A new version of the Bittorrent protocol is about to launch. Bittorrent is a distribution technique for online content that's used heavily by both legitimate software publishers (like Activision Blizzard) and illicit file sharing sites (like the Pirate Bay).

The update focuses around the problem of connection throttling. When the protocol was developed, broadband wasn't as widespread. ISPs were able to satisfy the majority of people's usage of their connection. Now, however, most customers don't use the majority of their connection speeds, so ISPs have built their networks slightly smaller than they need to be to serve everyone.

Bittorrent, however, uses every bit of a connection to operate efficiently, so it's very taxing on the ISP's networks. As a result, most major ISPs will artificially "throttle" connections where Bittorrent is being used, reducing download speeds to a crawl.

The new version of the protocol aims to avoid this by becoming "network aware". If the connection detects congestion, then it'll automatically slow down, so that other applications can operate at full efficiency. Network usage expands when there's space, like the original version of the protocol, but unlike the original, it'll contract when there's congestion.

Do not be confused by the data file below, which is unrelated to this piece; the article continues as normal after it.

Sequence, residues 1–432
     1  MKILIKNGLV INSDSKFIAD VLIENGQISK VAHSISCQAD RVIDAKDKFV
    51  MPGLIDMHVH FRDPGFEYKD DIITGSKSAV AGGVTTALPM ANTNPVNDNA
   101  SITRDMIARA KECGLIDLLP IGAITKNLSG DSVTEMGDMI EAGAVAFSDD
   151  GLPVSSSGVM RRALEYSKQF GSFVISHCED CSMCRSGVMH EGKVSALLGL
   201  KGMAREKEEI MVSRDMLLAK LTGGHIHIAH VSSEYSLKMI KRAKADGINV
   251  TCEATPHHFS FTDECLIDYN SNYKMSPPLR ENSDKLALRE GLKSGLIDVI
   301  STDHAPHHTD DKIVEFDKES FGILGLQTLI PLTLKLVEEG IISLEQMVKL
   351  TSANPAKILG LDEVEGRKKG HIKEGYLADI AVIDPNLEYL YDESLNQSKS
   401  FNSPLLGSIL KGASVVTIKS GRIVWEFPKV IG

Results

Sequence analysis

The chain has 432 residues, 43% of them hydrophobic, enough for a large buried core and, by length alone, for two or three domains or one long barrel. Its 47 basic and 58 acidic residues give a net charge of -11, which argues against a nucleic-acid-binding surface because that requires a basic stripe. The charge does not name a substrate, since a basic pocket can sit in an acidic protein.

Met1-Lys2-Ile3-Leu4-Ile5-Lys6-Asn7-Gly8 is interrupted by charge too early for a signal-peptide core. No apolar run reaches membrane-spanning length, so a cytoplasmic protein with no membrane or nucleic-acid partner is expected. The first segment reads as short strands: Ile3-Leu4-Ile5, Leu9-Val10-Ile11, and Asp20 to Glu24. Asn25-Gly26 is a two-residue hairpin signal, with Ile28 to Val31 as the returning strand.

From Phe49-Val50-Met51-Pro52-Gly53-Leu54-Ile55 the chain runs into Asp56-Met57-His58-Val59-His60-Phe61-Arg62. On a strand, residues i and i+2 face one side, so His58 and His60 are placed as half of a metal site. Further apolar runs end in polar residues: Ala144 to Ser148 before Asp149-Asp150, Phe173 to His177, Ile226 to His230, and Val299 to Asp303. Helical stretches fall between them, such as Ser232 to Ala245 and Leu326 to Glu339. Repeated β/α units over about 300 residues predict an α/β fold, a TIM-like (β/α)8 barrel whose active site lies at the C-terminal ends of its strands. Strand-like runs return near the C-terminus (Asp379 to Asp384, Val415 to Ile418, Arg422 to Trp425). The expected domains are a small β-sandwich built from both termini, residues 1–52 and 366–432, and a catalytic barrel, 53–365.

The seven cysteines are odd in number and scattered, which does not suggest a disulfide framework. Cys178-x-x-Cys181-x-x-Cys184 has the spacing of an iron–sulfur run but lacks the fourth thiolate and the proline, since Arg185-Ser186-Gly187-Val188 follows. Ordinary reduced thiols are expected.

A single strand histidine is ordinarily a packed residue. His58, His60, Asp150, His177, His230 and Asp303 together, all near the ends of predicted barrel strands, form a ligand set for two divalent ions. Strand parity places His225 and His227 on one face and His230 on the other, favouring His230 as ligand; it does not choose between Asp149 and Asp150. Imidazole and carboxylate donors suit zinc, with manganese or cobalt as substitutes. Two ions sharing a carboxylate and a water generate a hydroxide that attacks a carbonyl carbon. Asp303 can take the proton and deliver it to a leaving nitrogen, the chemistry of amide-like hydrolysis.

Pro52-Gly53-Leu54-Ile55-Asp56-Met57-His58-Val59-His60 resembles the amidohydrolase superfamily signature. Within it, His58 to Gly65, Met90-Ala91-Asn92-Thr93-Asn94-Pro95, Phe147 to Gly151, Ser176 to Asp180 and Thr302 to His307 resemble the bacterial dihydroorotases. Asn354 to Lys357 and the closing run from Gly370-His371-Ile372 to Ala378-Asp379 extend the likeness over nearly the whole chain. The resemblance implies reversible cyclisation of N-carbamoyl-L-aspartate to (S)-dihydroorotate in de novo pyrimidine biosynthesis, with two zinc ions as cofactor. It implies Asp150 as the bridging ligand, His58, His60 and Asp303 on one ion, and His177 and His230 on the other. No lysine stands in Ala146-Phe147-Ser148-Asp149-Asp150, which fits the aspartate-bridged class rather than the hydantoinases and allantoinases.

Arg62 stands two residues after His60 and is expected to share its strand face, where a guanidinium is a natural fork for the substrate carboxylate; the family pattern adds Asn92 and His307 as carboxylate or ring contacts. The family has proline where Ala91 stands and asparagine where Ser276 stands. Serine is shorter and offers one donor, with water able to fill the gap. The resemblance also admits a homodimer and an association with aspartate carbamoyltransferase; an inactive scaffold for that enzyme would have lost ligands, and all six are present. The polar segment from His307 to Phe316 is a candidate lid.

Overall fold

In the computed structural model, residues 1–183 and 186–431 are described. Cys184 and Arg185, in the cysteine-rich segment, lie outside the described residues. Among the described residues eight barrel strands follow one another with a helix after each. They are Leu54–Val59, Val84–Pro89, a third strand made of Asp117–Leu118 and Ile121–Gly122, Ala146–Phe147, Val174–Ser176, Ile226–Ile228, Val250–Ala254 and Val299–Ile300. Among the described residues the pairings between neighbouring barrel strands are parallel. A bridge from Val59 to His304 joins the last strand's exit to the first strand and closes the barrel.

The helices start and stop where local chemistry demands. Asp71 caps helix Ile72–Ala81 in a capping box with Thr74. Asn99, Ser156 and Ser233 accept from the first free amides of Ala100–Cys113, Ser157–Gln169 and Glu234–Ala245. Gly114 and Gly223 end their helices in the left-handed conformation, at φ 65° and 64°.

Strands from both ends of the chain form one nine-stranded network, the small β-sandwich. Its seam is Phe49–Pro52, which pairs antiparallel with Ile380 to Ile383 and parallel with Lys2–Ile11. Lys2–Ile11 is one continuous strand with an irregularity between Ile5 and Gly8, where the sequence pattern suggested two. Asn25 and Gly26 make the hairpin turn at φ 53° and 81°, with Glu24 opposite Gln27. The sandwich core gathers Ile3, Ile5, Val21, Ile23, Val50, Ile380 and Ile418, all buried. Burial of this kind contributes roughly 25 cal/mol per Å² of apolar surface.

The improvement is called uTP, and could represent multi-billion dollar savings for ISPs, according to BitTorrent's VP of Product Management, Simon Morris. He told TorrentFreak: "uTP measures the time a packet takes to get sent from peer A to peer B, so in theory uTP will detect congestion anywhere on that path, although in practice the congestion most often happens somewhere on the first-mile uplink connection".

As a result, you'll perhaps get your files a smidge slower than before, but there'll be negligible effect on the network as a result. It's an altogether more sustainable solution, benefiting both users (who get more reliable downloads) and ISPs (who get reduced network traffic).

uTP is currently only available in the newest beta (2.0) of the uTorrent client. Older versions of uTorrent will accept uTP connections, but they won't start them, so it's worth upgrading as soon as possible.

The effects should be noticeable by both ISPs and users relatively quickly once uTorrent's beta gets a full release, as uTorrent and the Mainline client are, between them, used by two thirds of all BitTorrent users.